Large-scale study reveals genetic risk of diabetes in the Japanese population
The genetic and genomic revolutions have led to an abundance of data about the genetic factors that confer a predisposition to type 2 diabetes (T2D), alongside environmental and lifestyle-related causes. However, most of the studies were based on individuals of European descent, meaning that the findings, and any treatments based on them, may not be optimal for other ethnic groups.
A new study performed by researchers from Osaka University, The University of Tokyo, RIKEN, and others, and published in the journal Nature Genetics has shed more light on the genetics of diabetes in the Japanese population by analyzing data on over 36,000 sufferers of T2D and over 150,000 controls of Japanese ancestry. Their work has revealed 28 novel genomic regions associated with T2D, as well as related molecular pathways and cells, with some of these associations being specific to individuals of Japanese descent.
The team conducted a type of study called a meta-analysis, which involves combining the data from a number of independent studies in order to increase the amount of available data and thus the statistical power. As shown by this new study, this approach can potentially provide novel findings that aren’t unearthed by constitutive studies, each with a smaller sample size.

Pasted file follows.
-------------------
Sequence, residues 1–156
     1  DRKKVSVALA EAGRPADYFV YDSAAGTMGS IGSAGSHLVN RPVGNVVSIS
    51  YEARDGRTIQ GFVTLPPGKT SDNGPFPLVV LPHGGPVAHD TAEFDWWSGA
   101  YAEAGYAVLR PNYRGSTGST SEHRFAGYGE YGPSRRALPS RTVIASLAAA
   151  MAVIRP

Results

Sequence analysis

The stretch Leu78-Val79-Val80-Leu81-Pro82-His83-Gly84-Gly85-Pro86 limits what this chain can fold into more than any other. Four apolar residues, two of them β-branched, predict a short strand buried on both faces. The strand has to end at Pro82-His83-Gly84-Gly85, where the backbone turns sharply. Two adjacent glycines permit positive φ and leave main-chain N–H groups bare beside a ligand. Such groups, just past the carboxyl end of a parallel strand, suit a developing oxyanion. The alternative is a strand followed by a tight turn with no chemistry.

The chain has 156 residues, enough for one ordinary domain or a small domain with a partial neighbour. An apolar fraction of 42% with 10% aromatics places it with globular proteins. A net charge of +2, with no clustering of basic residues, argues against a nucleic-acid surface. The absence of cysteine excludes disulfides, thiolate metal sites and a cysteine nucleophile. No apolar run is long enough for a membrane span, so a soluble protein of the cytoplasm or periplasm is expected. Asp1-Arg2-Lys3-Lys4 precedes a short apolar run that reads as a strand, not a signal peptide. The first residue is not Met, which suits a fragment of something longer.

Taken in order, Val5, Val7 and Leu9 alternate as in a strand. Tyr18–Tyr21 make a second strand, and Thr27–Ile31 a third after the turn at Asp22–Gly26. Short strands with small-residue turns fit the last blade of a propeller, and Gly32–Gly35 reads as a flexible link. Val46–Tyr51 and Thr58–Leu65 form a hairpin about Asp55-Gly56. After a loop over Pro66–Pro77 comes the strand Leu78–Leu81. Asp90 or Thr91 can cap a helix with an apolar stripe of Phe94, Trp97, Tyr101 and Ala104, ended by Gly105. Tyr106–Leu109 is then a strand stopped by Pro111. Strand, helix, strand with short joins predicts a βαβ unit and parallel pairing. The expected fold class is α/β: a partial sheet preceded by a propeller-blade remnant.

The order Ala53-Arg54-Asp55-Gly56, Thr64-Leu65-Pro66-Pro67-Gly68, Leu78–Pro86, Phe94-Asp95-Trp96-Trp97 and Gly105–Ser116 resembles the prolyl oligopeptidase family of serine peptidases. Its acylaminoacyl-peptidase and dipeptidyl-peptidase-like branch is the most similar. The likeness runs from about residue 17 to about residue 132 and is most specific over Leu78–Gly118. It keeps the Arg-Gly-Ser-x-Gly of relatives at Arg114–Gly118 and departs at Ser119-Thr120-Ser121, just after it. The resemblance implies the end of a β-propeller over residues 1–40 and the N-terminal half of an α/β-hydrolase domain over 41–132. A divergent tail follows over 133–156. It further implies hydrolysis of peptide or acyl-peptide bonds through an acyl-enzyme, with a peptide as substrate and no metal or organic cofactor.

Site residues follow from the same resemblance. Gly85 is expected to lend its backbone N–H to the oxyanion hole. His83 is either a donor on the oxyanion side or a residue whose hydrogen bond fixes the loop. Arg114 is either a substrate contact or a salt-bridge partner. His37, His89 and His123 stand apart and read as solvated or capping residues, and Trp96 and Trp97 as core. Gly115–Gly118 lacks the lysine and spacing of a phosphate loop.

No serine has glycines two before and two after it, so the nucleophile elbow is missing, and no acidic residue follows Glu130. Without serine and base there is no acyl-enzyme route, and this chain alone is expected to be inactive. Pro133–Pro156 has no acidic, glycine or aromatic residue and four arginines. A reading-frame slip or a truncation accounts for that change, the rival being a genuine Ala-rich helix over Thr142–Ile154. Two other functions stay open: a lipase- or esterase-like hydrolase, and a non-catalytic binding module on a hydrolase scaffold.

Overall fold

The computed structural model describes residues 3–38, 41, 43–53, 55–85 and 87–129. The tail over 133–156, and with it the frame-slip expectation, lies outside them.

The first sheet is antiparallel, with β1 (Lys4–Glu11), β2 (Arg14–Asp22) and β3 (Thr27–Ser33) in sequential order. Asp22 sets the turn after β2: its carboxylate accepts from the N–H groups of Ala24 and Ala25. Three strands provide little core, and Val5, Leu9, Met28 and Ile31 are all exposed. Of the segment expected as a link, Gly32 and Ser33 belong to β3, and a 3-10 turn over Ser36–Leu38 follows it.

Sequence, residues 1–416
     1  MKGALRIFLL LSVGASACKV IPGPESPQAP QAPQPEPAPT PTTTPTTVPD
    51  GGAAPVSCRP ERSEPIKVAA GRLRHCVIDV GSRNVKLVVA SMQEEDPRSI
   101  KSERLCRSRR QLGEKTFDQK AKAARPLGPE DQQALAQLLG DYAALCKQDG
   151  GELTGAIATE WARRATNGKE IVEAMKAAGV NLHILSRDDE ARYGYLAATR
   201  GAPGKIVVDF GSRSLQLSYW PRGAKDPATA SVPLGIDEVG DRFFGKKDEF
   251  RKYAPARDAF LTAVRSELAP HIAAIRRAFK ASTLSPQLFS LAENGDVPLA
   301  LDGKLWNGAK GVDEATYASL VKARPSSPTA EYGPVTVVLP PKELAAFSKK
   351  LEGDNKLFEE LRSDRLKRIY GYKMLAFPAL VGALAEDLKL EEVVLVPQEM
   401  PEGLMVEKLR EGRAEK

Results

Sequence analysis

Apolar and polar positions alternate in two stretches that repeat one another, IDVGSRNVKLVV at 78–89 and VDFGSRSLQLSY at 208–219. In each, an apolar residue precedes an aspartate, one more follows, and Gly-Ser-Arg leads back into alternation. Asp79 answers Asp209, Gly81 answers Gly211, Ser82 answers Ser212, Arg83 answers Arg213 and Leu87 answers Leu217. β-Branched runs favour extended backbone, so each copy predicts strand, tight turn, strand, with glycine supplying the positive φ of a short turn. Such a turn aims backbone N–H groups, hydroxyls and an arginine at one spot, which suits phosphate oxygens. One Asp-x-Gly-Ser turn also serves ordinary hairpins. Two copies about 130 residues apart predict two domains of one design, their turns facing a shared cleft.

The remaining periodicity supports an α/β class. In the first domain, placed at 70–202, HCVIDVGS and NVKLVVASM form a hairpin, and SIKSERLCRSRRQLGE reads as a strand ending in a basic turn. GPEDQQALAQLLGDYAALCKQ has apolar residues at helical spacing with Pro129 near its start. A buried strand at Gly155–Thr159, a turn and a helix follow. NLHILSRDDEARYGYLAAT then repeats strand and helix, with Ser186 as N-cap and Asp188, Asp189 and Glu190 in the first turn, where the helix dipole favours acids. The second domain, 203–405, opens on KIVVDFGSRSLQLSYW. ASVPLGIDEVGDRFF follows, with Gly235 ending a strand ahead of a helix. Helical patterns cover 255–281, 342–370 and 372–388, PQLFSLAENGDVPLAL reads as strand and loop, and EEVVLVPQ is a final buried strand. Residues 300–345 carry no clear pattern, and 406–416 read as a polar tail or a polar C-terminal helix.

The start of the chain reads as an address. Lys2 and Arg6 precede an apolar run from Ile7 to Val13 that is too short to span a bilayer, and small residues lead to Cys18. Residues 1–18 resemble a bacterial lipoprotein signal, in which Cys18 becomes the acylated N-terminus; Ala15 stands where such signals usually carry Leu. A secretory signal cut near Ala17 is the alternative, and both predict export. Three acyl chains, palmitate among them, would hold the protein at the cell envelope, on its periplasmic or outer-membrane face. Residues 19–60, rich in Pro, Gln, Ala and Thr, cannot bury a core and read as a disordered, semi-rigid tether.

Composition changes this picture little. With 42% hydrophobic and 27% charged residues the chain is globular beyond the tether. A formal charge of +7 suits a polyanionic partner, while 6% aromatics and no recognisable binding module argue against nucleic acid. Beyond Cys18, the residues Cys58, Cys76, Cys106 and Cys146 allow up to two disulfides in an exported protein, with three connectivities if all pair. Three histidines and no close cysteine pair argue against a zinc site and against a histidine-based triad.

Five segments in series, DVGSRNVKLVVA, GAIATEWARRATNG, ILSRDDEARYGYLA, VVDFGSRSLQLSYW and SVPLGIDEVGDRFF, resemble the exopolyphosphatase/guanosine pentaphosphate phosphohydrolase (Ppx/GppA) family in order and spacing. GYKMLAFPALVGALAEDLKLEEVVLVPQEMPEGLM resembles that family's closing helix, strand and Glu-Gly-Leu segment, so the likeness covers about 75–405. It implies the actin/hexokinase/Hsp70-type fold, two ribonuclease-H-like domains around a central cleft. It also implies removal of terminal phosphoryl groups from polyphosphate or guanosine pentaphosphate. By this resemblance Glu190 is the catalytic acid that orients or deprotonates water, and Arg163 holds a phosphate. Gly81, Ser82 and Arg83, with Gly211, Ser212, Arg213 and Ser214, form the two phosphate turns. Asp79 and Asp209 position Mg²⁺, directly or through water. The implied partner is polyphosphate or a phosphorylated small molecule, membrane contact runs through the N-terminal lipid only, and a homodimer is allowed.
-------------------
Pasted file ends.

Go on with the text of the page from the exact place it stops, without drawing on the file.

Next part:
“We incorporated the data on links between type 2 diabetes and over 12 million variants across the whole genome from four different genome-wide association studies in the Japanese population,” Yukinori Okada says. “We found 88 genomic regions significantly associated with this disease, including 28 new ones, some of which are not found in European populations in previous reports.”
The group then looked in more detail at the identified genes, the effects of mutations on them and the proteins they encode, along with the associated pathways and cells. Examples of genetic factors linked to T2D include mutations in the GLP1R, involved in glucose-dependent insulin secretion, and in the genes CPA1 and GP2, known to help certain pancreatic cells transform into insulin-producing beta cells. Although the mutant forms of these genes were linked to T2D in this study, these mutations actually do not exist or are extremely rare in previous reports on European populations.
“Our findings indicate that some of the genetic underpinnings and molecular pathways of type 2 diabetes in the Japanese population may differ from those in European populations, which is unsurprising considering that, when comparing individuals of the same body mass index, Japanese are more prone to this disease,” lead author Ken Suzuki says. “Our work could lead to Japanese- or Asian-specific therapeutic measures being developed to more effectively prevent or treat diabetes in this ethnic group.”
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